Siy shares Alcazaren’s sentiment, saying “definitely, the way to go is to develop riverside esplanades or promenades.”

“Beautiful green public space along both sides of the Pasig would make our metropolis so much more livable. We need to believe this is possible.”

On the other hand, Mallari said that addressing the problem of traffic and environment is “not a one solution fits all” issue, with esplanades serving as a solution for the people, but not the environment wherein Pasig River resides.

“People are the most experts in their localities, they should be the ones that should be consulted,” she said.

Meanwhile, Felipe added that the government should take notes from the Cheonggyecheon restoration project in Seoul, South Korea. The project centered around revitalizing the Cheonggyecheon Stream that used to be covered by a highway overpass.

“Other countries have already learned their mistakes from building elevated highways on top of waterways. They have already begun dismantling these highways and are now reaping the benefits of rehabilitating their rivers and focusing on pedestrian-friendly and people-centric infrastructure,” he added.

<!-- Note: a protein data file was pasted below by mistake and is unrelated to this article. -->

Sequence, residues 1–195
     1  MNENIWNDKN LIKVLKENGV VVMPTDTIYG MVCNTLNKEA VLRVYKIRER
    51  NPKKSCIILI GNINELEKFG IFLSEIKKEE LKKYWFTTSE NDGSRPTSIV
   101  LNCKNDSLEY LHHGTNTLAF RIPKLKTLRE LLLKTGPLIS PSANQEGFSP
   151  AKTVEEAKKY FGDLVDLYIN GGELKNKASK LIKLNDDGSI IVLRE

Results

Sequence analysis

Amid the appearance of the hashtags #NoToPAREX and #YesToPARES on social media, a Change.org petition titled “Stop the proposed Pasig River Expressway!” with over 10,00 signatures has also been put up.

Amid the rising chorus of critics, SMC has maintained that it remains committed to building an environmentally sound project that aims to help solve Metro Manila's traffic woes.

What's next for PAREX, then?

Though SMC has secured approval from the relevant government agencies last month, actual construction may only start once it receives a "notice to proceed" from the government. SMC is hoping to start building early next year if and when it secures the clearance, even amid mounting opposition.

With construction set to start in 2022 and be completed in 2023, the project may still have a long way to go before it sees the light of day, if at all.